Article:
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Discussion Starter #1
Hi guys,

I would like to get your ideas on the situation below - keeping in mind that Belle and I are about to take up tracking together ---- here's the issue:

Both Gunther and Belle are great loose leash walkers. Gunther loves to smell and lick stuff and stand under pine trees and he only rarely becomes overtaken with a bunny scent trail. Belle on the other hand LIVES for bunnies. She lives with her nose on the ground. So on morning and evening walks when the bunnies are out in force it can be tough to get her attention - actually impossible. I don't pull on her leash - except when desparate - although she will pull to follow a scent or sniff every speck of ground - and just dig in and lean until she falls on the ground.

What I want is to be able to let her smell, but when it's time to go forward, to be able to get her attention back.

She's great at watch me. She's great at let's go. I treat her with chicken or other treats and it totally works BUT when she is on a scent I can put a big piece of chicken right on the end of her nose and it's like she is in a parallel universe - she doesn't even see it and she won't eat it.

Basically, what I do now is hold the leash and say let's go. As soon as I feel the tension release, I get excited and tell her she's good - and then we walk two more steps and she stops again. THEN I go over to her and hold her head and talk to her until her eyes unglaze and then we move forward.

I do let both dogs wander and smell A LOT - seriously all the time - so I feel like when I need to get them back home - for work or some other insignificant thing - I should be able to get her off a scent much easier and have it not be frustrating for her.

Any thoughts? What tricks have you all used to get your smell-crazy bassets off a scent. Obviously, because of tracking, I don't want her to think scenting is wrong.

Susan O.
 

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That's a tough one. I've had the same problem with my Bassets, and it's just their nature. I'll be watching for any input as well.
 

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if she is not spayed you can sell her to me and i'll make her a Field Champion!!! if she is not for sale i'll help you make her a Field Champion any way!!! calling them off a hot line is hard,but if they know their name and if when they where young they were taught to come it is easier.i started by giving Ike a treat everytime i called him and he came to me with lots of praise and petting, now when he is in a trial and if he is working a line when he gets into a check area i can call him off about 90% of the time,but i can get him to down all the time when he is near also.
 

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Hello,

Jasper is only a family pet, no field trials or breeding, etc.; so I just say, "Jasper, move" as I pull on his leash and he comes willingly until the next scent fascinates that nose of his. Then, I go through it again. He comes willingly enough most of the time. I don't know how to field train at all so no advice, sorry.
 

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A solid recall, as Billy mentioned, is one way to handle these situations. Teaching a Leave It! command is another. It's a good idea to train both behaviors (and more). In certain situations, for whatever reason, the dog may respond to one command and not the other.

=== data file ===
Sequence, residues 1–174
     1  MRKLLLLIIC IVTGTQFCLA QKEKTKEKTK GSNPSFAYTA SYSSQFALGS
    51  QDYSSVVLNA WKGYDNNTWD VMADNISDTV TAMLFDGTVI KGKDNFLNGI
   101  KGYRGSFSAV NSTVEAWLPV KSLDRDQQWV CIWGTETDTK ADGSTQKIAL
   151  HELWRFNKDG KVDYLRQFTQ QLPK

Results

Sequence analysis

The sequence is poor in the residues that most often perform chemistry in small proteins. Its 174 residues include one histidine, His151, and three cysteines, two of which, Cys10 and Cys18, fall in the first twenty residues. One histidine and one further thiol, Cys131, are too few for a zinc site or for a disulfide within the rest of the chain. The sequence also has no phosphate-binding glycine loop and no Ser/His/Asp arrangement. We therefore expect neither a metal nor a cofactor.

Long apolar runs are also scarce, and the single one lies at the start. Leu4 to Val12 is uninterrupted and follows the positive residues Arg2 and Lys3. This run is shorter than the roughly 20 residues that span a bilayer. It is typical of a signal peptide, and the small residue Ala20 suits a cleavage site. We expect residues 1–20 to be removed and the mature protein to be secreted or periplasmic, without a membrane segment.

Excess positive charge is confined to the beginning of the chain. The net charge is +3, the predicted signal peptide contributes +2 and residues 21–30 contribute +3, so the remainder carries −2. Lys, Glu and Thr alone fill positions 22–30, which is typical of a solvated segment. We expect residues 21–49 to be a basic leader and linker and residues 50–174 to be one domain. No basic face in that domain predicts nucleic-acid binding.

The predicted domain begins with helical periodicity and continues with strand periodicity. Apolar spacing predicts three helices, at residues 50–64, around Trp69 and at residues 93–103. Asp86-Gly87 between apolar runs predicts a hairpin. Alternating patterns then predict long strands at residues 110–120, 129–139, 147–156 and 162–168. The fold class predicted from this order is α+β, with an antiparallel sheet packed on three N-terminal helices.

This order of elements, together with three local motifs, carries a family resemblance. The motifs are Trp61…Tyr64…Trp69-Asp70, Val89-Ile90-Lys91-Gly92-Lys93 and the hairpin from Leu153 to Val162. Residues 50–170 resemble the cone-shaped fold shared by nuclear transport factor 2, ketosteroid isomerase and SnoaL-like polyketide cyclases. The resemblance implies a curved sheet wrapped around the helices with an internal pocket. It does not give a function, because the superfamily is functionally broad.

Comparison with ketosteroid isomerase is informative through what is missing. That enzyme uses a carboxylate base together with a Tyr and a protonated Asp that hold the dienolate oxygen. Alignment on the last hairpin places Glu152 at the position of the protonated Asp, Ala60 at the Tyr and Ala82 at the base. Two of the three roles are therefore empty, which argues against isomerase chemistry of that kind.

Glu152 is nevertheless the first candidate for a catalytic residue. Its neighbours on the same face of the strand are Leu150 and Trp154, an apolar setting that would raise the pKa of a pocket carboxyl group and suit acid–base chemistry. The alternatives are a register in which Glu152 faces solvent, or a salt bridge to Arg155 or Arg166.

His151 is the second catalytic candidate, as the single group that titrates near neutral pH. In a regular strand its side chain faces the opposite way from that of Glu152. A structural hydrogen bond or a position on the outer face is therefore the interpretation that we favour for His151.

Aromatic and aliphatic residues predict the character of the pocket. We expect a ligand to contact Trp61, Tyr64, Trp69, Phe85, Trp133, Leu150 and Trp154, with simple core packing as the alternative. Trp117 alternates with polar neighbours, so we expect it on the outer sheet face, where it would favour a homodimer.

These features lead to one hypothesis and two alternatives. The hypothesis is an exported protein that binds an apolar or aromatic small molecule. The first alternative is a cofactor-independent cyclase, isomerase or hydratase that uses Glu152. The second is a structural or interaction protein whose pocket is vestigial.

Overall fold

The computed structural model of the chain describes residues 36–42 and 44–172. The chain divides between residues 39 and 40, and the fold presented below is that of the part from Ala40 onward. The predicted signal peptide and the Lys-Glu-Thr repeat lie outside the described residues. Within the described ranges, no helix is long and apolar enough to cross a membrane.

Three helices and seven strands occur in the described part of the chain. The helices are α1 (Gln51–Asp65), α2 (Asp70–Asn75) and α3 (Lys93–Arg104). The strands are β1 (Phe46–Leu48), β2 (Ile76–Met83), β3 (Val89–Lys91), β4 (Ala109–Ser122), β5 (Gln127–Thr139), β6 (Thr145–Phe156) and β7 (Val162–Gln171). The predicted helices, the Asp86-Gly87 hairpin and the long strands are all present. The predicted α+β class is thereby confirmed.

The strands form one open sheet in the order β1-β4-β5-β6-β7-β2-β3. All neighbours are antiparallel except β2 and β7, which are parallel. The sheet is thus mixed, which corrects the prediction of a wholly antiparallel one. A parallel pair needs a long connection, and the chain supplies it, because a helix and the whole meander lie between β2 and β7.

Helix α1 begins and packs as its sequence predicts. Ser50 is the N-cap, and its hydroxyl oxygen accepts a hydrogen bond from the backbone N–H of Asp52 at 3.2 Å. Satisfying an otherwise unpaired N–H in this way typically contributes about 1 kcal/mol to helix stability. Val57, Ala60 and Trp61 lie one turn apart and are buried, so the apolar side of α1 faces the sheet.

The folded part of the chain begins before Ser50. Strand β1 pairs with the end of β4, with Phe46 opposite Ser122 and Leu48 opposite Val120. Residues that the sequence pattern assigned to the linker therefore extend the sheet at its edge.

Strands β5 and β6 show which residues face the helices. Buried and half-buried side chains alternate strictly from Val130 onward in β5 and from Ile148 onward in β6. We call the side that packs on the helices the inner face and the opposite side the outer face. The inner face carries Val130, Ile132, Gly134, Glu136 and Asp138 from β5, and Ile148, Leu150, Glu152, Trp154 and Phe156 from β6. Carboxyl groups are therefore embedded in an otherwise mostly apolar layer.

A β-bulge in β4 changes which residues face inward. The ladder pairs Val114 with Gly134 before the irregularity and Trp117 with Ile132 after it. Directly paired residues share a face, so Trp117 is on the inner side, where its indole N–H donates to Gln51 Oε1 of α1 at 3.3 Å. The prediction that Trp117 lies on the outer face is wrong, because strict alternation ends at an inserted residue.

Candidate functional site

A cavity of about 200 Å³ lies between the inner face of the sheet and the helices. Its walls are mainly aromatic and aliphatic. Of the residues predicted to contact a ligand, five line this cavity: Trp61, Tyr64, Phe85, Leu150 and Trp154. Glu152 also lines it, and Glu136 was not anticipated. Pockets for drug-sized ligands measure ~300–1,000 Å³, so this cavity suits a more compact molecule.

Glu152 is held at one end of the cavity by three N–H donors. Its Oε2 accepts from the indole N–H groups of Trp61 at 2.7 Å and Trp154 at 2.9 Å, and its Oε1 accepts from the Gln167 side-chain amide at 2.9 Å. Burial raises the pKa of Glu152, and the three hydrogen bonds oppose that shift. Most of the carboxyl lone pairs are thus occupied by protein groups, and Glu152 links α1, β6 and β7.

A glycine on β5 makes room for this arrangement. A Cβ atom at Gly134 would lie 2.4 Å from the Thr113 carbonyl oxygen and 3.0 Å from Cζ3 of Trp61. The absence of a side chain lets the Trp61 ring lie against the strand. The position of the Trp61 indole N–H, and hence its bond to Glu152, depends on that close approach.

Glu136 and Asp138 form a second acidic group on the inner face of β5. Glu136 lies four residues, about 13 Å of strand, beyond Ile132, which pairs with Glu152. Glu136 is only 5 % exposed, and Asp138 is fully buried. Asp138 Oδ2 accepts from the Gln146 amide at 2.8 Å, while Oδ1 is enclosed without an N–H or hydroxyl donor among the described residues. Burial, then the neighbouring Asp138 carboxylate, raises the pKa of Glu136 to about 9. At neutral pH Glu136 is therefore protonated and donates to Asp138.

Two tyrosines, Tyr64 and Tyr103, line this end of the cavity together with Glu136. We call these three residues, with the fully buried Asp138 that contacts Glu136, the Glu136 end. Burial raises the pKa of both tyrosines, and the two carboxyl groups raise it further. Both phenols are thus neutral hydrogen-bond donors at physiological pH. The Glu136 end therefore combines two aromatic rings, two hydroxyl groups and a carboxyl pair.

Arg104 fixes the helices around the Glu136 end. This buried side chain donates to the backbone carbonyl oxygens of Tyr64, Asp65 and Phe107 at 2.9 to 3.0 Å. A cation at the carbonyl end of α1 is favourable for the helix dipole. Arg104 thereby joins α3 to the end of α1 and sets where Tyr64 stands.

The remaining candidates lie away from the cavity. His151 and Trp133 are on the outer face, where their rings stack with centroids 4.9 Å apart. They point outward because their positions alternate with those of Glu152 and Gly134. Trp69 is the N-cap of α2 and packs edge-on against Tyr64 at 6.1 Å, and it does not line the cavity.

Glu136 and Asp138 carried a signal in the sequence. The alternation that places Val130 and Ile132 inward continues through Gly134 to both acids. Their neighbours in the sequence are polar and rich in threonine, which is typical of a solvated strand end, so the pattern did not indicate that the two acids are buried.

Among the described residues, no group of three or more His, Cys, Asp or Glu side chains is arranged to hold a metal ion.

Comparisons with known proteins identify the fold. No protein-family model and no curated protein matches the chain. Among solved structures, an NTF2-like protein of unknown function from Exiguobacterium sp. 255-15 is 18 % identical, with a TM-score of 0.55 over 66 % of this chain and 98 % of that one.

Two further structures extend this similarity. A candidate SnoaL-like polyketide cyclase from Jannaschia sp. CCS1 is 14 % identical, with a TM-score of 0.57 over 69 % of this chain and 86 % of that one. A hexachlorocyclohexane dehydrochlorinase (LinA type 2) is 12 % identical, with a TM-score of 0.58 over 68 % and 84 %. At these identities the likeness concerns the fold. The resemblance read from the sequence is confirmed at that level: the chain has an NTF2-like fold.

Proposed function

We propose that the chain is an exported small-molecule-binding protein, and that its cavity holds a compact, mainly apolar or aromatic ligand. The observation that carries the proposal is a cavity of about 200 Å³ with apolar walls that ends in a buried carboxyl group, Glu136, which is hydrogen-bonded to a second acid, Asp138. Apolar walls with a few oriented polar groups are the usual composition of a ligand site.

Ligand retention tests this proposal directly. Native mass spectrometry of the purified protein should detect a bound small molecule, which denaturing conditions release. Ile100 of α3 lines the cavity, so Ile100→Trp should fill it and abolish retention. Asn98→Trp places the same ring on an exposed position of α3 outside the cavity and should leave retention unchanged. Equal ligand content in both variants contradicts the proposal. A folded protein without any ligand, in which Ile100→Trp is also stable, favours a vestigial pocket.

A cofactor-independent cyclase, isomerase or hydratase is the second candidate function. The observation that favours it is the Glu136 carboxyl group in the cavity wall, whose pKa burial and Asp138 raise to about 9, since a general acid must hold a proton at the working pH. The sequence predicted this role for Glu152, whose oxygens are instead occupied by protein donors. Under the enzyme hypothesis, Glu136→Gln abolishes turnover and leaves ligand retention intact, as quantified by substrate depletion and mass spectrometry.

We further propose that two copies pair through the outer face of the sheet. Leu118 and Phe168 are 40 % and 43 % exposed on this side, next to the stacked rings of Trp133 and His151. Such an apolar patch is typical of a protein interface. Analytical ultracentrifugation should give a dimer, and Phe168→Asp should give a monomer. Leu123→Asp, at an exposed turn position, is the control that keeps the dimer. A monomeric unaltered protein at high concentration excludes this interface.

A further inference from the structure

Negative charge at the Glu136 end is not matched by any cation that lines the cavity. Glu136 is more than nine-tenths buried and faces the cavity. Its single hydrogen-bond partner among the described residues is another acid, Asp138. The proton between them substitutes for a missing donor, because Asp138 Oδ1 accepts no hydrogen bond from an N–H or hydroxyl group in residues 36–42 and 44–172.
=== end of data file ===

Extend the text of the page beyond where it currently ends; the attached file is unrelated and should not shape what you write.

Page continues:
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Discussion Starter #6
if she is not spayed you can sell her to me and i'll make her a Field Champion!!! if she is not for sale i'll help you make her a Field Champion any way!!![/b]
YES!!! Help me make her a champion! She is going to be an amazing tracker - well, she already is just not officially - she never gives up and she always has her nose on the ground.

So, here's the thing - she has a good recall as long as there is no bunny scent. I give her treats every time she comes to me. She will even leave other dogs at the dog park and come running when I call her. OR when she is running away from me out in a field or something - I can ask her to wait and she stops or call her and she comes back. She is really very good EXCEPT with the scent - she doesn't even seem to give any indication she hears me.

So, - if you had a dog that did come when you called most of the time - how would you start to work on that behavior when there is a monster distraction like a scent.

I'm going to work on her "leave it" --- I hadn't thought of that. That is a great idea - with your thinking behind it being: have different ways to call her off a scent.
 

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. She is really very good EXCEPT with the scent - she doesn't even seem to give any indication she hears me.[/b]
It boils down to the level of distraction. You need to work your recall upto and including scent distractions see:

DEPOSITS INTO THE PERFECT RECALL ACCOUNT

DISTRACTIONS FOR YOUR RECALL

LIST OF REINFORCERS


All is pretty simple just find a reinforcer that is more motivating than the distraction. Often time self reinforcing behaviors like hunting are the strogest motivators for a dog., then what do you do?

Premack Principal of Reinforcement
An opportunity to engage in more probable responses will reinforce a less probable response.

...This experiment implies that reinforcers cannot be defined independently of the responses that they reinforce. In Premack’s experiment, drinking reinforced running when drinking was more probable than running, but running reinforced drinking when the probabilities were reversed. Therefore, reinforcers are relative and not absolute. There important properties are based on the responses for which they provide an opportunity.[/b]